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Old 03-06-2016, 11:53 AM
 
Location: Central Massachusetts
4,800 posts, read 4,855,118 times
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Quote:
Originally Posted by AnnaLee2 View Post
My husband turns 70 in April which means he turns 70 1/2 in October. Technically I could take his RMD in 2017 before April 1. I will not wait until 2017 to take that first RMD though because if I did, it would be on my 2017 taxes. The 2017 RMD would also be on my 2017 taxes. So I will take his 1st RMD before the end of 2016 to avoid paying taxes on two RMDs in 1 year. Once that first year is over, I just owe the yearly RMD to be withdrawn sometime during the tax year.


This is the way I understand the rules. Anything wrong?
You are correct and you have until April 1 2018 for that one but best to get it out before. Never wait until the last moment.
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Old 03-06-2016, 12:16 PM
 
Location: Sherman Oaks, CA
6,239 posts, read 15,455,705 times
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Golfingduo, your advice below is incorrect.

For someone who turns 70 1/2 in October 2016, they have until April 1, 2017 to take the first RMD. The second RMD (calculated on the 12/31/16 balance) needs to be taken by December 31, 2017. This is the only situation in which you'd have two RMDs (taxable events) in the same year.

They do not have until April 1, 2018.

Quote:
Originally Posted by golfingduo View Post
You are correct and you have until April 1 2018 for that one but best to get it
out before. Never wait until the last moment.
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Old 03-06-2016, 02:35 PM
 
Location: Florida -
8,767 posts, read 10,859,665 times
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There seem to be slightly conflicting answers, but, I think I understand. To avoid a double tax hit, I will need to take my first RMD sometime in the year of my 70th birthday and the second the following year. If I delay the first one for the 6-months until the start of the following year, I will then need to take a second RMD by 12/31 of the same year, which would produce a double tax hit.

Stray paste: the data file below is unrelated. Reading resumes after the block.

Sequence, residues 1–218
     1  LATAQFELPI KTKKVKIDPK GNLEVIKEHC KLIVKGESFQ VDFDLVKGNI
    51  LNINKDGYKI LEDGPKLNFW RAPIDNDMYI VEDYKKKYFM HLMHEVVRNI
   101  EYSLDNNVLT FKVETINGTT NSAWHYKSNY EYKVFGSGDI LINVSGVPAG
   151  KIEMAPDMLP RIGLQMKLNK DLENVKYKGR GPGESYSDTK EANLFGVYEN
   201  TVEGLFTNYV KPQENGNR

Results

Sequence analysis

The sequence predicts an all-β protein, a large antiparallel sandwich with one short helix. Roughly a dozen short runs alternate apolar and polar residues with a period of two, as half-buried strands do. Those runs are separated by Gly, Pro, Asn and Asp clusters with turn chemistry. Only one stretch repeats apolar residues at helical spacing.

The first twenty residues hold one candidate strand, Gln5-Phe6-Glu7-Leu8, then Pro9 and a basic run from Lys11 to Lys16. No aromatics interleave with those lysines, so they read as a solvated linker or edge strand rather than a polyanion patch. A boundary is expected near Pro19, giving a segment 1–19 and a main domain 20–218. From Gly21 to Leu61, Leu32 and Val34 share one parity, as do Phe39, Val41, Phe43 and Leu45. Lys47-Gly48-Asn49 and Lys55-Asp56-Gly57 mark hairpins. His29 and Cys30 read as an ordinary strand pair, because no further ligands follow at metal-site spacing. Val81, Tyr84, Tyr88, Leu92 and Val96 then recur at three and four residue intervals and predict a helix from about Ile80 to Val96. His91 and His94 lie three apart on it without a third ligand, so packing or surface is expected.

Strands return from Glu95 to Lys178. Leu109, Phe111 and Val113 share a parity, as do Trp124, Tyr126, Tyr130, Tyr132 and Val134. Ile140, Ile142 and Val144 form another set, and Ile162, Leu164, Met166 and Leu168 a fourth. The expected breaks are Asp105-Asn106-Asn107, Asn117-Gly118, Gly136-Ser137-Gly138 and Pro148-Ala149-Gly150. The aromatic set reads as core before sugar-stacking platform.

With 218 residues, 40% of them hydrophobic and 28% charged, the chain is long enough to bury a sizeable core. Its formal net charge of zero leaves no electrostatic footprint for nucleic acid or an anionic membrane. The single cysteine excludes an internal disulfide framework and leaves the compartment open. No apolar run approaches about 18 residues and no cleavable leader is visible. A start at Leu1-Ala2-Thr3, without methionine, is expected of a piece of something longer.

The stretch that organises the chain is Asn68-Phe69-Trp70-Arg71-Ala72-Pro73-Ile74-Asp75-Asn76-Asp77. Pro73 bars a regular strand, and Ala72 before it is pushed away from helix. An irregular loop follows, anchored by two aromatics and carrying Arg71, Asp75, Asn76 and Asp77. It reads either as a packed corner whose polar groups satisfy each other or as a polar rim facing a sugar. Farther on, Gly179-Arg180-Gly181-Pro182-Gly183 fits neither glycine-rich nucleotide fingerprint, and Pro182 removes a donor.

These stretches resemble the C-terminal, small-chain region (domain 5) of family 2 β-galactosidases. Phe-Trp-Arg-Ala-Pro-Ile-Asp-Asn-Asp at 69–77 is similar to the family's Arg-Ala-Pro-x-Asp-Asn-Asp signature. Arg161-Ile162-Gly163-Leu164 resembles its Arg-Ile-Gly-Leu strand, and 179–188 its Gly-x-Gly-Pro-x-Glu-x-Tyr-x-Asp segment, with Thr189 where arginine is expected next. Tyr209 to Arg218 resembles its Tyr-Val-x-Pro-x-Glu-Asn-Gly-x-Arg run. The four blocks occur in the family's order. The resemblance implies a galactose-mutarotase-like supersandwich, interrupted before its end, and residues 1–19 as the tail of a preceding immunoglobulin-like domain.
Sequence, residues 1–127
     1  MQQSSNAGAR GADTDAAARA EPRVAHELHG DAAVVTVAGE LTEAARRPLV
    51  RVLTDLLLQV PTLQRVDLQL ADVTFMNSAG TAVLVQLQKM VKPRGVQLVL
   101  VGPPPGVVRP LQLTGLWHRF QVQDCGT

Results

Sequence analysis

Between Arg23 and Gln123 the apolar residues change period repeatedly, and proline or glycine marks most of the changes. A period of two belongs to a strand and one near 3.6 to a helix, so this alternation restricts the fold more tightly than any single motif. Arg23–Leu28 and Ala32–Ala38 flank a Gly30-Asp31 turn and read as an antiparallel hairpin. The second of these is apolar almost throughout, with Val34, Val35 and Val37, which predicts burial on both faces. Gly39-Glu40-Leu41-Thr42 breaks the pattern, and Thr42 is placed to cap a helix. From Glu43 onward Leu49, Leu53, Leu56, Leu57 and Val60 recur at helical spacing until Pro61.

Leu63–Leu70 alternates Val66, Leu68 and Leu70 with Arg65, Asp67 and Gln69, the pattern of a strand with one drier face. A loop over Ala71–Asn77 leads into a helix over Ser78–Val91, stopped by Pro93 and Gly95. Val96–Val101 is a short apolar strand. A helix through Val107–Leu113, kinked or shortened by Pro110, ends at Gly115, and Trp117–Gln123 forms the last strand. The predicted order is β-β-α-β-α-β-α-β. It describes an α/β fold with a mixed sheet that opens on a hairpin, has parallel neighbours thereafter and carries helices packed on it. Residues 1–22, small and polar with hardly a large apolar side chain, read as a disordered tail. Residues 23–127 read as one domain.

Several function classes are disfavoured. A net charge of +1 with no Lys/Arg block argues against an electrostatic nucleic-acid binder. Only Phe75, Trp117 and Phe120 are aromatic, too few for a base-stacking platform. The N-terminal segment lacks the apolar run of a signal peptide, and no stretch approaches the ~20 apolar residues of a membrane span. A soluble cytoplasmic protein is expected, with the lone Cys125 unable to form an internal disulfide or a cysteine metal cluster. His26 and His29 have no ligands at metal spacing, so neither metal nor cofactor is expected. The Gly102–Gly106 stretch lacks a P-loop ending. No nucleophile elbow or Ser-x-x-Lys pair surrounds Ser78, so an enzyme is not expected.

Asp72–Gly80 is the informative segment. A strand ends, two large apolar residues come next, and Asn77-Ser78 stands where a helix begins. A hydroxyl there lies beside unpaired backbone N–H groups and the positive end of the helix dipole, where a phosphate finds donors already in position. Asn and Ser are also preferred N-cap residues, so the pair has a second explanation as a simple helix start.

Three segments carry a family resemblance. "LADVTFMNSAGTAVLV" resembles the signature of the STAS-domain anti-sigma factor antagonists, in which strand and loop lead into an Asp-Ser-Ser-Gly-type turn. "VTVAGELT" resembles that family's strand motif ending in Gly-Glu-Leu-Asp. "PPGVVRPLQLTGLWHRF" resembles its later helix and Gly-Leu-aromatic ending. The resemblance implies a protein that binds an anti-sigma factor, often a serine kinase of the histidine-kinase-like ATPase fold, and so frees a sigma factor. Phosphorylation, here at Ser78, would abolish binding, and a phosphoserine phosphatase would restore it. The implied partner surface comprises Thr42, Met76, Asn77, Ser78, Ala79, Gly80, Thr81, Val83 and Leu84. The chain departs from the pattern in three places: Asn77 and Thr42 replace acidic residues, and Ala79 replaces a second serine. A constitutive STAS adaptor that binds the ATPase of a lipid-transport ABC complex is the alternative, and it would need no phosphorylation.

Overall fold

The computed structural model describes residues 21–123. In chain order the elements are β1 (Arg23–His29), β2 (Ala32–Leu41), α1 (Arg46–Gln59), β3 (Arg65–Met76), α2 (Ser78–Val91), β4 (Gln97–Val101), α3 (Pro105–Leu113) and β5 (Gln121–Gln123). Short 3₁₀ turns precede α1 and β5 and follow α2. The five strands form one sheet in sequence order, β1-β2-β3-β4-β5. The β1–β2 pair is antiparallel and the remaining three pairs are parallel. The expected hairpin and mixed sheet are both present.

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Old 03-06-2016, 03:25 PM
 
210 posts, read 151,223 times
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Quote:
Originally Posted by jghorton View Post
There seem to be slightly conflicting answers, but, I think I understand. To avoid a double tax hit, I will need to take my first RMD sometime in the year of my 70th birthday and the second the following year. If I delay the first one for the 6-months until the start of the following year, I will then need to take a second RMD by 12/31 of the same year, which would produce a double tax hit.

Change that 70th birthday to six months after my 70th birthday and I agree. The problem is that if your 70 1/2 occurs in a different year than your 70, the first RMD YEAR is the year of your 70th birthday plus six months. So if your birthday is, say, August 3 of 2016, then your 70th and 1/2 is on February 3, 2017 and your first payment is due after February 3, 2017. This is the only RMD due in 2017. Just saying it's the year of six months after your 70th birthday.
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Old 03-06-2016, 03:26 PM
 
6,309 posts, read 4,755,565 times
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Quote:
Originally Posted by jghorton View Post
There seem to be slightly conflicting answers, but, I think I understand. To avoid a double tax hit, I will need to take my first RMD sometime in the year of my 70th birthday and the second the following year. If I delay the first one for the 6-months until the start of the following year, I will then need to take a second RMD by 12/31 of the same year, which would produce a double tax hit.